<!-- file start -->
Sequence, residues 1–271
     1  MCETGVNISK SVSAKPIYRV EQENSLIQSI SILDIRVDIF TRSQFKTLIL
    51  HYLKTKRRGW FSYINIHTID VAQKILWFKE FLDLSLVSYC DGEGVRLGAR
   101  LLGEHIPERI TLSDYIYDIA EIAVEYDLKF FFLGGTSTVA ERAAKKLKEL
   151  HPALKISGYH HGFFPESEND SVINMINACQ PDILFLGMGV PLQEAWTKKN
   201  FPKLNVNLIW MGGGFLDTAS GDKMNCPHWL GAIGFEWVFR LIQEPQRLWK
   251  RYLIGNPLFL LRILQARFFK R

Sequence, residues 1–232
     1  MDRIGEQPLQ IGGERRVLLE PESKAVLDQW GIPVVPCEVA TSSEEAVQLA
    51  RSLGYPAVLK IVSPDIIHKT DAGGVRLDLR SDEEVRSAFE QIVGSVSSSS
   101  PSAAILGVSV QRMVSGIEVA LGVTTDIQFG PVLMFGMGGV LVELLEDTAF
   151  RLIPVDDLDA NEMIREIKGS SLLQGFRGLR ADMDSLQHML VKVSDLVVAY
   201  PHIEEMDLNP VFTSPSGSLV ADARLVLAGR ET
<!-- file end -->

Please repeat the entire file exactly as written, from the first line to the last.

Sequence, residues 1–271
     1  MCETGVNISK SVSAKPIYRV EQENSLIQSI SILDIRVDIF TRSQFKTLIL
    51  HYLKTKRRGW FSYINIHTID VAQKILWFKE FLDLSLVSYC DGEGVRLGAR
   101  LLGEHIPERI TLSDYIYDIA EIAVEYDLKF FFLGGTSTVA ERAAKKLKEL
   151  HPALKISGYH HGFFPESEND SVINMINACQ PDILFLGMGV PLQEAWTKKN
   201  FPKLNVNLIW MGGGFLDTAS GDKMNCPHWL GAIGFEWVFR LIQEPQRLWK
   251  RYLIGNPLFL LRILQARFFK R

Sequence, residues 1–232
     1  MDRIGEQPLQ IGGERRVLLE PESKAVLDQW GIPVVPCEVA TSSEEAVQLA
    51  RSLGYPAVLK IVSPDIIHKT DAGGVRLDLR SDEEVRSAFE QIVGSVSSSS
   101  PSAAILGVSV QRMVSGIEVA LGVTTDIQFG PVLMFGMGGV LVELLEDTAF
   151  RLIPVDDLDA NEMIREIKGS SLLQGFRGLR ADMDSLQHML VKVSDLVVAY
   201  PHIEEMDLNP VFTSPSGSLV ADARLVLAGR ET